Armenian DNA Project - Results

According to Professor Levon Yepiskoposyan of the Institute of Molecular Biology in Yerevan: "Y chromosome haplotypes diversity in the modern Armenian population reveals strong regional structure with marked separation of mountainous (Syunik region in the south of Armenia, and Karabakh) and valley (Ararat valley, northern and western regions of historical Armenia) groups." The mountain groups have a greater concentration of R1b1 while the valley groups have a greater concentration of J2 & J1 (and to a lesser extent, slightly greater concentrations of G & E1b1b1).

Y-DNA Paternal Haplogroup Distribution of Armenian DNA Project Members (total: 377)
(less 25 known paternal cousins & 0 undetermined haplogroups: n = 352). Updated 1 november 2011

  • Haplogroup R1b1 :       90 = 26%
  • Haplogroup J2 :           73 = 21%
  • Haplogroup G :            48 = 13%
  • Haplogroup J1 :           42 = 12%
  • Haplogroup E1b1b1:  29 =    8%
  • Haplogroup I2 :           17 =   5% 
  • Haplogroup T :            21 =   6%
  • Haplogroup R1a :        10 =   3%
  • Haplogroup R2a :         7 =   2%
  • Haplogroup L :              7 =   2%
  • Haplogroup Q1  :           5 =   1%
  • Haplogroup :              2 =   0.6%
  • Haplogroup A :              1 =   0.3% 

  • mtDNA Maternal Haplogroup Distribution of Armenian DNA Project Members (
    total: 170
    (less 4 known maternal cousins: n = 166). Updated 1 november 2011

  • mtDNA haplogroup H :    45 = 27%
  • mtDNA haplogroup U :    27 = 16%
  • mtDNA haplogroup J :     21 = 13%
  • mtDNA haplogroup HV :  20 = 12%
  • mtDNA haplogroup T :      14 =   8%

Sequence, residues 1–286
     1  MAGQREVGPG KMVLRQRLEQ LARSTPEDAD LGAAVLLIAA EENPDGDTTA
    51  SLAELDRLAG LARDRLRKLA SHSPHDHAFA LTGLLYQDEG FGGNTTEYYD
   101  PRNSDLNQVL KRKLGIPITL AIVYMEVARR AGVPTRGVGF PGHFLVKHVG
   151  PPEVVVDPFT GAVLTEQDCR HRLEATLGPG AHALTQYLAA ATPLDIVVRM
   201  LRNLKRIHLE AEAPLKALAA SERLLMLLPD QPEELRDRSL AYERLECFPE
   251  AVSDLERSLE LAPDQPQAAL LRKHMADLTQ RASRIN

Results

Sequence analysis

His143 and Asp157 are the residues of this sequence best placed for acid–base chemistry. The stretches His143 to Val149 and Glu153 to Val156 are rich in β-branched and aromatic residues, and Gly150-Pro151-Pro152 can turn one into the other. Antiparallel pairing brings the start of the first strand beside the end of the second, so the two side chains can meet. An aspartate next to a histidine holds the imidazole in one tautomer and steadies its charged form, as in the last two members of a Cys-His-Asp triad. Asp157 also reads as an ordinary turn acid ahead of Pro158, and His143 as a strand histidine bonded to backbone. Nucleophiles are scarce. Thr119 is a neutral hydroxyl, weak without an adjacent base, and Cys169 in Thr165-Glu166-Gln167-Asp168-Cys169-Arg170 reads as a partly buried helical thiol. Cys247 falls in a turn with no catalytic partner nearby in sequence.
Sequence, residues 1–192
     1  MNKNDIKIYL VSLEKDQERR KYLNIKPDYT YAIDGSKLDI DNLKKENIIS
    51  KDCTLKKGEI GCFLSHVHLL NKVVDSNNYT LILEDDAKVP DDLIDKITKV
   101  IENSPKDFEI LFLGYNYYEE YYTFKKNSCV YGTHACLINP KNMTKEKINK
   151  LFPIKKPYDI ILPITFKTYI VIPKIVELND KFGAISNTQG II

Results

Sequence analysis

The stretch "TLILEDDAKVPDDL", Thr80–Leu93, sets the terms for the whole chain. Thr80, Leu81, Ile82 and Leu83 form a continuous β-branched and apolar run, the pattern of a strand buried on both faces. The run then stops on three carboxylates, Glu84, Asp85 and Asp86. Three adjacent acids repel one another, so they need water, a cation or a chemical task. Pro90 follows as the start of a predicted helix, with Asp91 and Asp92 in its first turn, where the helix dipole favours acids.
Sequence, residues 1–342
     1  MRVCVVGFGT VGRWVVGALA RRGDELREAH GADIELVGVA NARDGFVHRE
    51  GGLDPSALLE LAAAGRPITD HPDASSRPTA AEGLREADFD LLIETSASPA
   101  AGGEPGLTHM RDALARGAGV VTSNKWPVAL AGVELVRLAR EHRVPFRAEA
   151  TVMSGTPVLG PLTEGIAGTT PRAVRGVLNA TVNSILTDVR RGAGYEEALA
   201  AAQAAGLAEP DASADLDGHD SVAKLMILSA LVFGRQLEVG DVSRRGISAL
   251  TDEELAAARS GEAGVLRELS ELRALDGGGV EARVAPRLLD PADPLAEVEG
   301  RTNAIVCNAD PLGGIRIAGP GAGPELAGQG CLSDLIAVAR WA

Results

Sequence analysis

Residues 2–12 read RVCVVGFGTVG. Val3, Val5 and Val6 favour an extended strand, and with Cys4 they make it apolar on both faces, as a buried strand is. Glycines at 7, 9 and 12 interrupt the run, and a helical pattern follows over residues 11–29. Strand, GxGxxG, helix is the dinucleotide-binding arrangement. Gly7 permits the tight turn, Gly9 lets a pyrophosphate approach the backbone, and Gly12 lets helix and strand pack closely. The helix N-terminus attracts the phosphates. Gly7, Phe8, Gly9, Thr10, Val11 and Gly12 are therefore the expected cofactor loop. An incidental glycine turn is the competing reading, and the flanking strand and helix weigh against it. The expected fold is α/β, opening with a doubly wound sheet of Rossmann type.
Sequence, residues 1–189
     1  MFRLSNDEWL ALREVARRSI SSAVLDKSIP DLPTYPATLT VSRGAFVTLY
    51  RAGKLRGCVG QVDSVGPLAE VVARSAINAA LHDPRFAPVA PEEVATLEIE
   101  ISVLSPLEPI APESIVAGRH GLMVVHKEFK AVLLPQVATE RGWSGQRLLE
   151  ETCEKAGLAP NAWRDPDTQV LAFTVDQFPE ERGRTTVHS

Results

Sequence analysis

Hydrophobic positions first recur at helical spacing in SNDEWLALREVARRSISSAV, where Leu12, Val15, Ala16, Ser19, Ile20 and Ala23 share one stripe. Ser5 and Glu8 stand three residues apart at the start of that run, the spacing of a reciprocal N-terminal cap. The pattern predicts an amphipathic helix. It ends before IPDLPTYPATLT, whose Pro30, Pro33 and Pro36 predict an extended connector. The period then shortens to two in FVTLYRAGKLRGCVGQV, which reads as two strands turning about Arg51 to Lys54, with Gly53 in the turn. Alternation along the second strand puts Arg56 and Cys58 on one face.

• mtDNA haplogroup :       9 =   5%
  • mtDNA haplogroup :       8 =   5%
  • mtDNA haplogroup :       6 =   4%
  • mtDNA haplogroup :         6 =  4%
  • mtDNA haplogroup W :      4 =   3%
  • mtDNA haplogroup R :       3 =   2%
  • mtDNA haplogroup :       2 =   1%
  • mtDNA haplogroup F :        1 =   1%





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    Complete mitochondrial DNA genome sequences of Armenian DNA Project members filed with GenBank (79 in total as of 3 october 2011):
     

    F1b1: HQ108344  H*: HM775971  H*JN051365  H1uJN604117  H2a1: FJ496869  H4JN646688 H5HQ877768  H7b1JF896454  H8JF903930  H8JF960238  H13*: HQ234355  H13b: GU228506 H14aJN609592 H15b: JF901940 H15b: JN651417 HV*: HQ287727  HV (73)HQ436102 HV1JF320654   HV1a: JF316743  HV1a1: FJ210914  HV1a1a1: HM575427  HV1b (152): HM998901  HV1b (152): HQ165756  HV1b (152): HQ412622  HV12HQ844516  HV12JN053060  HV13: JF700125  HV2*: HQ015160  I*JF298212  I1a: HM454265  I1b: FJ234984  I4JN660158  J1b: HM992836  J1b: HQ637485  J1bHQ914447  J1bJN561091  J1b1aJF286633 J1b1b1JF929909 J1b1b1JF939049 J1b2JN648827  J1b3: HM594676  J1c: HM775495  J1c2JN663354  J1d: HM453206  J1d: HQ325739  J1d1JF292900  J2b1HQ727682  K1aJF303729 K1aJF893456 K1a1bJN048471 K1a2JN647926_ K1a4b1JN088539 K1a4c: HQ435872  K1a4c: HQ538515  N1b1: HQ286324  N1b1JF265069  N1b1bHQ435319  N1b1b: HQ315687  N2aJF904935  N2aJN381503  R1a: HQ602771  R3: HM996895  T1aJN083377  T2a: FJ238094  T2b: HQ638221  T2f: HQ286590  U1b: HQ325737  U3a: HQ436348  U3bJN663380  U3b2: HQ257369  U4b1bJN647925  U5a1a2a : HQ588904  V : HQ645963  W*HQ844617  W(194): HM352797  W6: EU515252  W6JF286634  X: HQ456226  X2: HQ529295 


    Academics who want to include these sequences in their research can get in touch with the project administrators.